Cost Pressures Punish LKQ

Here's why investors aren't happy with the auto parts company right now.

Dan Caplinger
Dan Caplinger
Apr 26, 2018 at 10:51AM

LKQ (NASDAQ:LKQ) has found itself an extremely profitable niche in the auto parts and accessories business. By concentrating largely on the specialty and alternative market, LKQ aims to capture higher-margin business that many other parts manufacturers choose not to pursue. That's generally been a winning formula for the company over the long run.

Coming into Thursday's first-quarter financial report, LKQ investors wanted to see continued evidence that its core business would continue to be successful. Yet as other companies in the industrial sector have shown recently, rising costs proved to be an obstacle for LKQ, and the company will have to figure out how to address those potential problems before they have an even bigger impact on its long-term performance.

Assortment of auto parts and accessories, including wheels, radiators, lights, and cleaning products.

Image source: LKQ.

LKQ sees mixed performance

LKQ's first-quarter results reflected the opportunities and challenges that the auto parts specialist has dealt with lately. Revenue soared 16% to $2.72 billion, outpacing the 11% growth rate that most investors were expecting to see and accelerating from previous quarters. However, adjusted income from continuing operations grew at a slower 11% pace to $170.1 million, and the resulting adjusted earnings of $0.55 per share fell short of the consensus forecast among those following the stock for $0.59 per share.

LKQ relied on multiple sources for its revenue growth. Organic revenue growth in parts and services amounted to less than 4%, while acquisitions added almost 7 percentage points to the overall total. Favorable exchange rates provided the balance of 5 percentage points of growth, with the weak dollar having an especially large impact in Europe.

North America was LKQ's strongest region in terms of organic growth, even though its overall 9% growth rate was the weakest among the geographies that the company serves. In Europe, organic sales were higher by just 1.2%, but acquisitions and currency impacts added 25 percentage points more of growth. North American adjusted pre-tax operating income also outperformed Europe's figure, although both sustained extensive margin deterioration.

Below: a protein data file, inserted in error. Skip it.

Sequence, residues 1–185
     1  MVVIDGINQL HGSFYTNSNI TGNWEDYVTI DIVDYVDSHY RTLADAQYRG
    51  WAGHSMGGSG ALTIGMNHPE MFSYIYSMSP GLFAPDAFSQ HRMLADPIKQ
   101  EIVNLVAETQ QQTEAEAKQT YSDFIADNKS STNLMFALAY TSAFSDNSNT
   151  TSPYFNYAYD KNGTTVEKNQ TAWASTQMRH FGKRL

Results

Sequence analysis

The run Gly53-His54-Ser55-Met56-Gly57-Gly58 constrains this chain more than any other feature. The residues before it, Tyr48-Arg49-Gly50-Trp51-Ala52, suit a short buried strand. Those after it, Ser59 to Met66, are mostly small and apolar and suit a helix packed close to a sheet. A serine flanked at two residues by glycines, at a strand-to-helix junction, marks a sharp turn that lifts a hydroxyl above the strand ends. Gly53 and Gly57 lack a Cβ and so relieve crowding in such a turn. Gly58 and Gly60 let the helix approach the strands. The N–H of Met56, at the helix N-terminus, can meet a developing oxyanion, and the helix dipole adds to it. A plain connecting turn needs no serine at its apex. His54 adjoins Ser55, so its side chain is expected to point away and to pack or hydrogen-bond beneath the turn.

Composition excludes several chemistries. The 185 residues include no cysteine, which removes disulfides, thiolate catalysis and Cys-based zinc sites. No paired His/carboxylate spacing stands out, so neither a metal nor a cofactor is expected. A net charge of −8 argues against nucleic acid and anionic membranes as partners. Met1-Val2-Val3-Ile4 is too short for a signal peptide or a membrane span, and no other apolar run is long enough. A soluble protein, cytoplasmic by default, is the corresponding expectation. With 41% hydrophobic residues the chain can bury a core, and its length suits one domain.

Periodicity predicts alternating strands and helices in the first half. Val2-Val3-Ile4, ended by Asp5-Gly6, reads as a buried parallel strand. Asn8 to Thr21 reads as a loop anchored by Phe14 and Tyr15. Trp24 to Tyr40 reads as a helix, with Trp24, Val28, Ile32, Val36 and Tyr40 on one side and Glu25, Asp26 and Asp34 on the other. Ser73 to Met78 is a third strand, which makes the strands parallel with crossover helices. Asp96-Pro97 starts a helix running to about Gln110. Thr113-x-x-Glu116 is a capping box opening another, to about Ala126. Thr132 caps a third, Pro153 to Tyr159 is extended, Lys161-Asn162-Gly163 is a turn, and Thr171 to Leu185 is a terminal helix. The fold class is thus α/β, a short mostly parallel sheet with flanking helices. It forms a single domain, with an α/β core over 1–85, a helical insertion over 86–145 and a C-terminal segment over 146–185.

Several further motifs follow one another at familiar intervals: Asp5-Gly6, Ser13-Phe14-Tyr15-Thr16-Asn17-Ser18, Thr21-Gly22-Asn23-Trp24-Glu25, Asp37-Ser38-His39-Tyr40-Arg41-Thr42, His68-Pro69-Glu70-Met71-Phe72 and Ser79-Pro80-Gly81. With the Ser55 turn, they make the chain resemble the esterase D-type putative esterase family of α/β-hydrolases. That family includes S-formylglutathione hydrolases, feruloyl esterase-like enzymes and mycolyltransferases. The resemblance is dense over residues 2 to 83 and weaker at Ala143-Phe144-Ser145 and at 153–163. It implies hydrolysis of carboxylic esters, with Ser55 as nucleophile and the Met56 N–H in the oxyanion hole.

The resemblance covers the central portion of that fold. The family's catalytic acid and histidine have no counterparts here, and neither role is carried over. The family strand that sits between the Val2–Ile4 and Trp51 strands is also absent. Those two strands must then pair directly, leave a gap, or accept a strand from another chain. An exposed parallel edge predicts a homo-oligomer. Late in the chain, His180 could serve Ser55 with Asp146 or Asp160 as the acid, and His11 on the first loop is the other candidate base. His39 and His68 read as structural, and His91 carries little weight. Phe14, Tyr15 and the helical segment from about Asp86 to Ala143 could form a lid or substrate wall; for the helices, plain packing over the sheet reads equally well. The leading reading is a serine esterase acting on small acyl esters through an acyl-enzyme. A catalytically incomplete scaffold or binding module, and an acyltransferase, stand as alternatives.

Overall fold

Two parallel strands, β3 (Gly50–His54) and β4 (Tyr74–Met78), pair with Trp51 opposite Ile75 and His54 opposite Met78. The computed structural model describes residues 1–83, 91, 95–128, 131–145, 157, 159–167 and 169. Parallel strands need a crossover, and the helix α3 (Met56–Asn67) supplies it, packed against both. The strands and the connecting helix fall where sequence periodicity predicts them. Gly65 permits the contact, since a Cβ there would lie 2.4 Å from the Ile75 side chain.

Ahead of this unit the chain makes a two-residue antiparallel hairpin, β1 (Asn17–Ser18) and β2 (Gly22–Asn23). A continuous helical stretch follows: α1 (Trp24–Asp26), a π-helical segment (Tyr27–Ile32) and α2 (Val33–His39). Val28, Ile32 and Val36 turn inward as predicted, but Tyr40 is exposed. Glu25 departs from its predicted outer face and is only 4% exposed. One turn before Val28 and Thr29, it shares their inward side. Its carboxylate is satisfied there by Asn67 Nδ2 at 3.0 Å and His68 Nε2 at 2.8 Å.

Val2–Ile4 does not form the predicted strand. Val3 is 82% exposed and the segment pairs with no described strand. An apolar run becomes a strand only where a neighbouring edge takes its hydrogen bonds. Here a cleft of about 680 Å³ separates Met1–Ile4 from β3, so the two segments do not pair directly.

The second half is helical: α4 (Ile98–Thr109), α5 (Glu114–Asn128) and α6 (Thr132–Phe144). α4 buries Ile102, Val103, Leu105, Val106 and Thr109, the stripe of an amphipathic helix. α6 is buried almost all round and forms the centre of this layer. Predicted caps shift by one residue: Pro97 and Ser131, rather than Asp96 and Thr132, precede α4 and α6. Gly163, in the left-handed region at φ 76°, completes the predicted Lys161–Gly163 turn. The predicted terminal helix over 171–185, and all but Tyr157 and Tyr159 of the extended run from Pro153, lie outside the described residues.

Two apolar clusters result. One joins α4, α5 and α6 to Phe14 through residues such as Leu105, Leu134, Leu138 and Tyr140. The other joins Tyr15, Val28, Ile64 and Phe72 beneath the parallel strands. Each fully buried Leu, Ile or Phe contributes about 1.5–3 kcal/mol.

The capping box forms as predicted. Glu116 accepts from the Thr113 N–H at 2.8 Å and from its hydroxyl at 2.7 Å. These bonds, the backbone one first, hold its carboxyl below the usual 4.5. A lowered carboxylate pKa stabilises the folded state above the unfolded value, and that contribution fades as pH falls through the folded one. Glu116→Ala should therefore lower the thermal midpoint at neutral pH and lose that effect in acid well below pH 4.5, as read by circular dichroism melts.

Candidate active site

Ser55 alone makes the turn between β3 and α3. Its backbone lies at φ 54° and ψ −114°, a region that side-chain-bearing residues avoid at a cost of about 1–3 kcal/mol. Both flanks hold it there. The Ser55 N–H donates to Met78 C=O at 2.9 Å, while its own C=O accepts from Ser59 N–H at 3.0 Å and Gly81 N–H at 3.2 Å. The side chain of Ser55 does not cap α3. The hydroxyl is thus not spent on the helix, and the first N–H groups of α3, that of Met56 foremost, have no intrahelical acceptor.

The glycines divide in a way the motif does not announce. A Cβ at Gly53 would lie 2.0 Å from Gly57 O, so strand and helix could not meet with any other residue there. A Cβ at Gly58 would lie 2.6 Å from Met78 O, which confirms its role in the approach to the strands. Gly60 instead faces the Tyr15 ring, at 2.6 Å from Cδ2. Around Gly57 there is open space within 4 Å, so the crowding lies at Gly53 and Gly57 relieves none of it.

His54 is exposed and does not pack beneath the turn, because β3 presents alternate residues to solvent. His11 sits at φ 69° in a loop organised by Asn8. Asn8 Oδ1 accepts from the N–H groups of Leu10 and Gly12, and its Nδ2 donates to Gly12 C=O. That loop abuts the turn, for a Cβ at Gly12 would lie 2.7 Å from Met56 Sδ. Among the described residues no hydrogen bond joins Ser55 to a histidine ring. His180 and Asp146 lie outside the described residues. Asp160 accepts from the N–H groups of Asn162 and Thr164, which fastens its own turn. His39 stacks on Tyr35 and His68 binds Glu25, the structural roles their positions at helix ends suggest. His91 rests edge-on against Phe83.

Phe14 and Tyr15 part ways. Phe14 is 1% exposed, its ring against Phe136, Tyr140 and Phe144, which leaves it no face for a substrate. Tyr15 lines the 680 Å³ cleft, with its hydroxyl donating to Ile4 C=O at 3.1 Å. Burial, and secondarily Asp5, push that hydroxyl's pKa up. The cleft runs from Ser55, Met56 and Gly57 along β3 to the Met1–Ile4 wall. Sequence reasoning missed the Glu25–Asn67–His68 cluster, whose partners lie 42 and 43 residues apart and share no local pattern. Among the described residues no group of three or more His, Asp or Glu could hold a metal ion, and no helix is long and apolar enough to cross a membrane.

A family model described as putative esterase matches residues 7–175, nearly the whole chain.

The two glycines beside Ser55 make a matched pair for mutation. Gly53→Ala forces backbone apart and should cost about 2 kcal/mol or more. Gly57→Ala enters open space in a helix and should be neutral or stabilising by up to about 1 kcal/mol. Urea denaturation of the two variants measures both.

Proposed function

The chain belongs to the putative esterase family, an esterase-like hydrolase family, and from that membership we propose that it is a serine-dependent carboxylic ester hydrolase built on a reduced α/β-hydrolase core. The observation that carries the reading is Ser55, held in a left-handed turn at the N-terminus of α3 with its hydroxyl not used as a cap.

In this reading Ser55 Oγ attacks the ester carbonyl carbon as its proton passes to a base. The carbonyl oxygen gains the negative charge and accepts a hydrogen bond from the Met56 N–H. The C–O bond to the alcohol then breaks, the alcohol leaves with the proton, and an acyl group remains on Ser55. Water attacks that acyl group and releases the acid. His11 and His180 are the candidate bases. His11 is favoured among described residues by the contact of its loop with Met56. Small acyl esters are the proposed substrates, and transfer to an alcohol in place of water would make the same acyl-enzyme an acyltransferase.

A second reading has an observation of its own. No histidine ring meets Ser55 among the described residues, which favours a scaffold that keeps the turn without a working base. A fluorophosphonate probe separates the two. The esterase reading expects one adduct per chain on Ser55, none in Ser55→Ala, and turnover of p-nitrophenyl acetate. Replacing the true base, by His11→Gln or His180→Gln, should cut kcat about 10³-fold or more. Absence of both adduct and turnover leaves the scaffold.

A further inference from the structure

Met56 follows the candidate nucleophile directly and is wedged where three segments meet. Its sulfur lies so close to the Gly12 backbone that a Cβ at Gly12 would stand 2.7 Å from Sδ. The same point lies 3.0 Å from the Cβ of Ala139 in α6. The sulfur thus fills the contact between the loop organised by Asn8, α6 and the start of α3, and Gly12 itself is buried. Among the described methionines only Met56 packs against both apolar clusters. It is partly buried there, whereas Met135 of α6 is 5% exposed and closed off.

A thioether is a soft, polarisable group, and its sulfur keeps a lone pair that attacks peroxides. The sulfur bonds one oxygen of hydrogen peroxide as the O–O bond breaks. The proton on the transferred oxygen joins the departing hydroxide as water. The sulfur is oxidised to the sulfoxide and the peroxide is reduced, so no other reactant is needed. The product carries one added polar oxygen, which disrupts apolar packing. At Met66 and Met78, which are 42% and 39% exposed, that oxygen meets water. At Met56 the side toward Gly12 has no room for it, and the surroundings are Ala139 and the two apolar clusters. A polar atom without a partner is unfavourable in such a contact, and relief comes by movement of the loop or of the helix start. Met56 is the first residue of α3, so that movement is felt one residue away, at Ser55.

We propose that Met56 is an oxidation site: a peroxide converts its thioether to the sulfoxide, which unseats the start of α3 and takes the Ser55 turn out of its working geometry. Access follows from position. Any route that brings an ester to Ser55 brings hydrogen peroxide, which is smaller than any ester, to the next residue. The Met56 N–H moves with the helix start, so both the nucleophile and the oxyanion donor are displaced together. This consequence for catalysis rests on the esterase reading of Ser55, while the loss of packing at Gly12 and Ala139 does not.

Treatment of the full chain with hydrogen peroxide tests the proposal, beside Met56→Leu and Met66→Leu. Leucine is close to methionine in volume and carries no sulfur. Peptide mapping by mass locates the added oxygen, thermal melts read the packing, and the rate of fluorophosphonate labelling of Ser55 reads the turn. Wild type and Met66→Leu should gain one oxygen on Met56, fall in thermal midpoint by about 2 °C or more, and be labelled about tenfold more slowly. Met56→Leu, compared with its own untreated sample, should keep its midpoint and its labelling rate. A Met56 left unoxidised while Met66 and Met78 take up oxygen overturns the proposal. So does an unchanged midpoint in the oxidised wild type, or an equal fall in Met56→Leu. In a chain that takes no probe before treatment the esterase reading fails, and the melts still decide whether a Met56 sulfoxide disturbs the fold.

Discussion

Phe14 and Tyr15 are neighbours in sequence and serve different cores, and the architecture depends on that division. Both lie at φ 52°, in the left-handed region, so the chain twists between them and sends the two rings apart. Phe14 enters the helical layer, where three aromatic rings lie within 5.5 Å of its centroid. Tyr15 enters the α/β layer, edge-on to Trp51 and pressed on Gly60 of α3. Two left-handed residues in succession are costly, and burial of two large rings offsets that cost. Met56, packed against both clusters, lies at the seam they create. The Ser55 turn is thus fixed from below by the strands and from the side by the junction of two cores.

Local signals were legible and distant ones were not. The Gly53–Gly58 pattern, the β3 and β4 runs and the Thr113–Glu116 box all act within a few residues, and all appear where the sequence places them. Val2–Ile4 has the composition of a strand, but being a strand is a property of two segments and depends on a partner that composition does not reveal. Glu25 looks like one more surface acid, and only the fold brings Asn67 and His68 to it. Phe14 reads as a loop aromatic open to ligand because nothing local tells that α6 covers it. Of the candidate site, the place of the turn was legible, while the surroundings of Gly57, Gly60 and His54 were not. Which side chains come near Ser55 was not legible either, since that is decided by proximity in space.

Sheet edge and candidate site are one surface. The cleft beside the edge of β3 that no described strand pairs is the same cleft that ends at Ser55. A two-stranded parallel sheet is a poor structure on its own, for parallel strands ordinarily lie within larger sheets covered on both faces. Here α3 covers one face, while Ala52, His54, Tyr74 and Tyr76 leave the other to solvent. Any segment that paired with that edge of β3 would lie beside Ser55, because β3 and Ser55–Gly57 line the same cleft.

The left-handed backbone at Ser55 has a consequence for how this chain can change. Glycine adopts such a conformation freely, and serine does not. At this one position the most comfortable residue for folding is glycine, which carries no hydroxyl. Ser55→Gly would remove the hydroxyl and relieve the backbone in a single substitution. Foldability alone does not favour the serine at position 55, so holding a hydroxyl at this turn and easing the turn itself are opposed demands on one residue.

In the specialty segment, a 12% rise in revenue came almost entirely from the acquisition of Warn Industries. Without the acquisition, organic growth was just 0.3%, but the specialty business saw segment profit climb 18%. Favorable pricing in the scrap market also had a dramatic lift for LKQ's non-parts business.

LKQ had very little acquisition activity during the period, with just a single aftermarket radiator distributor in Tennessee. Five new branches in Europe also contributed to growth.

What's ahead for LKQ?

CEO Dominick Zarcone explained the mixed performance. "Although we faced a few revenue headwinds in Europe and [in] our specialty business, and experienced certain near-term cost pressures in the quarter," Zarcone said, "we are actively addressing the issues." The CEO remains confident that LKQ can get back to sales growth and profit levels consistent with the company's past history.

Yet LKQ did cut its guidance for the coming year based on its early performance. The company now expects organic growth of 4% to 5.5% in 2018, with the top end of the range falling by half a percentage point. Adjusted net income of $685 million to $715 million is $35 million lower than previously forecast, working out to between $2.20 and $2.30 per share. That's $0.10 less than the company's guidance three months ago, and weaker cash flow will also hamper LKQ's ability to make capital expenditures at the rate it had initially intended.

LKQ shareholders weren't happy with the performance, and the stock fell more than 16% shortly after the market opened following the announcement. LKQ needs to figure out what it needs to do to address higher raw material costs if it wants to ensure that its bottom line will grow as strongly as its sales gains would suggest is possible.